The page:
Theme: Sacrificing the self  

All of the women struggled to make sense of themselves and to fit in. Many of them responded with increasing self-doubt, increased self-control and ultimately burn out from attempting to fit within the neurotypical expectations. Social anxiety developed in all women as they had to shape their personalities to match the acceptable mould. As a result, they frequently present as introverts, diligently obeying and enforcing the social rules in order to protect themselves from the negative judgement they have received when they let down their armour. 

“I can be highly extroverted in the right company.”

Social gatherings are avoided or carefully navigated, with people frequently taking on roles such as “turning the sausages,” [at a BBQ] which provides distractions from discussions and a clear rule to follow. Another way to navigate the world was to classify ‘relationships’ as short term affairs, never staying long enough in any one group for their mask to drop.  

“[I] flit between groups without overstaying my welcome.”

While these strategies assist in regulating their social appearance, they also gradually lead to individuals becoming more distanced from society as they efficiently avoid novel interactions. Many of the women talk about their autism diagnosis as paving the way to learning to be themselves in these types of social interactions making them more enjoyable. 



The themes identified in this research highlighted the complexities of navigating their social world for the five women. They also illustrated how much of their lives has been influenced by this sense of wondering who they are. The women in the study were specific in their reasons for sharing their journey, which was to help others traverse theirs more easily. 

While it is important to note that self-diagnosis is not considered as valid by many, a diagnosis can be out of reach due to financial concerns, stigma, and shame.  It does not mean these participants’ experiences are invalid. The participants themselves had their own misgivings about self-diagnosis.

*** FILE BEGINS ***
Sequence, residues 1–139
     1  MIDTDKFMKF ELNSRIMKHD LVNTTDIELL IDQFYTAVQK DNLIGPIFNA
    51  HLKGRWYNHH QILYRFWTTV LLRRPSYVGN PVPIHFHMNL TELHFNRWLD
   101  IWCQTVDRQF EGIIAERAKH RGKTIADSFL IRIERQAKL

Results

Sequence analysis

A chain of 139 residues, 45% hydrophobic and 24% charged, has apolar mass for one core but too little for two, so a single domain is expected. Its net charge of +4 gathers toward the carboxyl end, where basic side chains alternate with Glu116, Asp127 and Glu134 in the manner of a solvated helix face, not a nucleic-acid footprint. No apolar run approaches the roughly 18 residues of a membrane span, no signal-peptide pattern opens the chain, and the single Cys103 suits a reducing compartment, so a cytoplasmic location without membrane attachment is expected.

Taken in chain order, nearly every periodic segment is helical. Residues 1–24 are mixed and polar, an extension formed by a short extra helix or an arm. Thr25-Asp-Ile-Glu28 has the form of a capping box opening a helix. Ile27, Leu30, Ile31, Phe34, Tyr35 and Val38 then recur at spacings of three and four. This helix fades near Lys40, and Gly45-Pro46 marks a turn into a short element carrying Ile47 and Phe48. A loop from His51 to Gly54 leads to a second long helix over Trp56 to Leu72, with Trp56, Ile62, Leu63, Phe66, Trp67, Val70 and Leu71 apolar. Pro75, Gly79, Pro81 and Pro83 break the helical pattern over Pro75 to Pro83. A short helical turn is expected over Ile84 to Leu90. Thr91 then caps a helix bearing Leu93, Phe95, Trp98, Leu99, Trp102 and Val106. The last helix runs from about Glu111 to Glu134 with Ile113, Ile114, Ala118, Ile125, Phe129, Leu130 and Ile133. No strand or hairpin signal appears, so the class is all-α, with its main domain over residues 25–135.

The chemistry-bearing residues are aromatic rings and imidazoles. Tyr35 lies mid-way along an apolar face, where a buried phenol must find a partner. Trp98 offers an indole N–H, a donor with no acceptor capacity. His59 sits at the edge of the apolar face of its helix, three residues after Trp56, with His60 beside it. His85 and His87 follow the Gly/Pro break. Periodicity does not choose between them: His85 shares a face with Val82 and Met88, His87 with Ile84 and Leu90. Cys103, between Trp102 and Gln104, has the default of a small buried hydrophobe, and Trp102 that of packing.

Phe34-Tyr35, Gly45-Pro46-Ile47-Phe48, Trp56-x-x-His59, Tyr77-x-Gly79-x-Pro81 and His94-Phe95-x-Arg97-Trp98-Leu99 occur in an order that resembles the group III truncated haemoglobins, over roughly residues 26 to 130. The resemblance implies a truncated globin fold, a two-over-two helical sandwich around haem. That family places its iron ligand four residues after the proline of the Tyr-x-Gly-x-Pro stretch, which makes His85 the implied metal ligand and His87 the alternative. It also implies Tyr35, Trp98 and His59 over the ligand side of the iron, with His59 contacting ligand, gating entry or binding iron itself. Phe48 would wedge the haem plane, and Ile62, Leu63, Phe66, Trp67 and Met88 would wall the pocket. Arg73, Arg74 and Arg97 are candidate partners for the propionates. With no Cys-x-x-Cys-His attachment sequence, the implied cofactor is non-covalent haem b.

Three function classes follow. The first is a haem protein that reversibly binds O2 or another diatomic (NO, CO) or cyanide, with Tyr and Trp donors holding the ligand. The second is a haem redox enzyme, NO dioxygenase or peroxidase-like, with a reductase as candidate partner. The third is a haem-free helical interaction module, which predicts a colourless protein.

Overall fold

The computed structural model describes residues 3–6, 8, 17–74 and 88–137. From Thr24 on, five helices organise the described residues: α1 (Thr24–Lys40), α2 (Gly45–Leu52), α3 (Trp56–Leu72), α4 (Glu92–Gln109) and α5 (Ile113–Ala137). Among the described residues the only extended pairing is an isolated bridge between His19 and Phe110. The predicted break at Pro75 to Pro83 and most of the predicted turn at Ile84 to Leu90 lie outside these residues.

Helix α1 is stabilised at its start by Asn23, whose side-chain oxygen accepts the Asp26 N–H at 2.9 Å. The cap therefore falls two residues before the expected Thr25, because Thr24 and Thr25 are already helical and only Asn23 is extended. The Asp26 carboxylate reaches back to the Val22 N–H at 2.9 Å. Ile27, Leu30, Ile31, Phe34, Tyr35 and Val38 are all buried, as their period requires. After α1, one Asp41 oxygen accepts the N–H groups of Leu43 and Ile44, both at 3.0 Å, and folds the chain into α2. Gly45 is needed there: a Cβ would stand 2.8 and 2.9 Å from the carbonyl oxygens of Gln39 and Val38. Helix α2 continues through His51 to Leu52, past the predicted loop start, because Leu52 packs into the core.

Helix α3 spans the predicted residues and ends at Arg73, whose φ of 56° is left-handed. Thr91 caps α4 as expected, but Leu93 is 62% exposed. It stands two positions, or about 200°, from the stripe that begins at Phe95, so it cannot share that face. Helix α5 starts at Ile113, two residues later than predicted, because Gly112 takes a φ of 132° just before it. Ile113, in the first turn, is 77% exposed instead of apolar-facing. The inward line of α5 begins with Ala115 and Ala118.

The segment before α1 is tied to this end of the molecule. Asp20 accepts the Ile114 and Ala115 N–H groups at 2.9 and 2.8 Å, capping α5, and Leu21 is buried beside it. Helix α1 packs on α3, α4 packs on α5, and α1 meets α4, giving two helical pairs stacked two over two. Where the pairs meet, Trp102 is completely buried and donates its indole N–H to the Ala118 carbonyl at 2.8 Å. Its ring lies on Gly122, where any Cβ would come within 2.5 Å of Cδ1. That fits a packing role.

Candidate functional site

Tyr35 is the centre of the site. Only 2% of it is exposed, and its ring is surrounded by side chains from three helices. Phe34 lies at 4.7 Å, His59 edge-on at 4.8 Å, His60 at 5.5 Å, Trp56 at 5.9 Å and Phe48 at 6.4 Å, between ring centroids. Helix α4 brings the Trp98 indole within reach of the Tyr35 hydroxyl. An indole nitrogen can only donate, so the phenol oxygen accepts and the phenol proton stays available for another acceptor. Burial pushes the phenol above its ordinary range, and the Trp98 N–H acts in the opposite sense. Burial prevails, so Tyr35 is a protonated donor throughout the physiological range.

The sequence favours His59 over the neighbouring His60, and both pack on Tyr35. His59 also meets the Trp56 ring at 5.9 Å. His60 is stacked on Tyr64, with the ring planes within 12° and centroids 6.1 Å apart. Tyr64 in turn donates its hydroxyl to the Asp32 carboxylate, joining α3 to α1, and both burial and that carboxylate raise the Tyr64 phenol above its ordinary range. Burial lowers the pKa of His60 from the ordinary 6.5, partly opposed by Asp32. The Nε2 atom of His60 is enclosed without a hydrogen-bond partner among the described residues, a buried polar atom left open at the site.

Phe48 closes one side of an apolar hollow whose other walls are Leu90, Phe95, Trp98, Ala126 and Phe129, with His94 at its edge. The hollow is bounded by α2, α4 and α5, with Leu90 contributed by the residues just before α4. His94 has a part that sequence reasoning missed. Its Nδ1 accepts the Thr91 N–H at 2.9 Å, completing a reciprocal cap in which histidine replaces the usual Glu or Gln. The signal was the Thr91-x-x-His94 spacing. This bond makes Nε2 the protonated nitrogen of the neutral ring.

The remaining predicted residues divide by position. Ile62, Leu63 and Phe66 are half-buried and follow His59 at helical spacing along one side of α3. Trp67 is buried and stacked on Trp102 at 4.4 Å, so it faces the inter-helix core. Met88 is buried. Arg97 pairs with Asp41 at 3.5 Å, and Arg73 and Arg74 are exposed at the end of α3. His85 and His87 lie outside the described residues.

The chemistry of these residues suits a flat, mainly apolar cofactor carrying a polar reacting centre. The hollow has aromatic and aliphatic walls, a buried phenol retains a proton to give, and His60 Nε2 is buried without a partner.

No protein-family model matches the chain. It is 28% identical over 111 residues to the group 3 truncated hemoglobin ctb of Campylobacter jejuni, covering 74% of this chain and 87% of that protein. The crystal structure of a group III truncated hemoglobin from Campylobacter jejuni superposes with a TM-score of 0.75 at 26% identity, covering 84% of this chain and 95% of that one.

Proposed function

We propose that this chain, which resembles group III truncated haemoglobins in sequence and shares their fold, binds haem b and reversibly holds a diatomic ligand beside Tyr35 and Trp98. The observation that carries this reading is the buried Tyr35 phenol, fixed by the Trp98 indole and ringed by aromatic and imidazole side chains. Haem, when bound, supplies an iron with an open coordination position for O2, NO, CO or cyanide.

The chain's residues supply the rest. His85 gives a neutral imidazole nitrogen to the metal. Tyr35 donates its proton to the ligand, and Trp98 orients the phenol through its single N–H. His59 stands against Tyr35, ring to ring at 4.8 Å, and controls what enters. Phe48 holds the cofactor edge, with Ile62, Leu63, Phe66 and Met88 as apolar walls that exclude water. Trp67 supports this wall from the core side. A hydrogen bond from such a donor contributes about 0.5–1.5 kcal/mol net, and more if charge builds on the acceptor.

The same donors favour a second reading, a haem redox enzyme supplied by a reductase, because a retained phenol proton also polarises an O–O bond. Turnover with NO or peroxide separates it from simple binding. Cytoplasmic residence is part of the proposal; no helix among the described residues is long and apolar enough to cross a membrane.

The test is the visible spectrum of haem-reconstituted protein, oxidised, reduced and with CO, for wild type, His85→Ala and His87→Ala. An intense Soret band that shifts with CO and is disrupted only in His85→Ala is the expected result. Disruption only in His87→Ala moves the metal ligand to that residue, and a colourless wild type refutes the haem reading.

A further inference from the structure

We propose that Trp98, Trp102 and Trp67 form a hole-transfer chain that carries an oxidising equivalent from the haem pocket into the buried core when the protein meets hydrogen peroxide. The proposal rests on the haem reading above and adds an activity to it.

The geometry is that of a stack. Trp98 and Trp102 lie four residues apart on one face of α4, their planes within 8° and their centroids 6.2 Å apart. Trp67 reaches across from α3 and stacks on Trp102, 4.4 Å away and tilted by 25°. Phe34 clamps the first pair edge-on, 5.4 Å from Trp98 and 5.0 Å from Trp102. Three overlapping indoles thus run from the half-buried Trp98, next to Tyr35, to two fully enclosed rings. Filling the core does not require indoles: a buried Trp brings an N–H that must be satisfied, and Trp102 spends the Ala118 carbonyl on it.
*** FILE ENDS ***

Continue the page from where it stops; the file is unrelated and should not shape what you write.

“It’s been quite difficult for me with the self-diagnosis. Like a lot of impostor syndrome, a lot of Oh, no, I’m not, I’m just, oh my god. I’m just making it all up. I’m just imagining it. I’m just putting on myself. I’m just assimilating I’m, I’m, you know, mirroring what I’m seeing, which again as an Autistic thing”?

In summary, the experiences of the self-identified women in this research reflect past research of diagnosed Autistic women who described feeling detached from the world and a sense of alienation as common experiences. However, what was new was the idea of the life script and the focus on managing energy. This research reinforces the importance of having access to the Autistic identity as a tool to navigate a world structured around neurotypical ideals. 



Dukes, S. L. (2021). ‘I feel I’m no longer an alien’: The experiences of females who receive a diagnosis of Autism Spectrum Condition late in life: A thesis presented in partial fulfilment of the requirements for the degree of Master of Arts in Psychology at Massey University, Auckland, New Zealand: Vol. Master of Arts (MA) [Masters, Massey University]. 

  • Anastasia Greenwood-Boot joined us for a video interview to further discuss her findings. Watch it online on our Youtube Channel.
  • Anastasia Greenwood-Boot (BSC (Honours) in Psychology) is an Autistic researcher who is currently studying for her Masters in Psychology at Massey University.
  • This research was supervised by Dr Kathryn McGuigan, Lecturer, Massey University.
  • This article has been shared as a companion piece to the 2023 Altogether Autism Journal. Fill in our online form to get the FREE Altogether Autism Journal delivered to you by post or via email.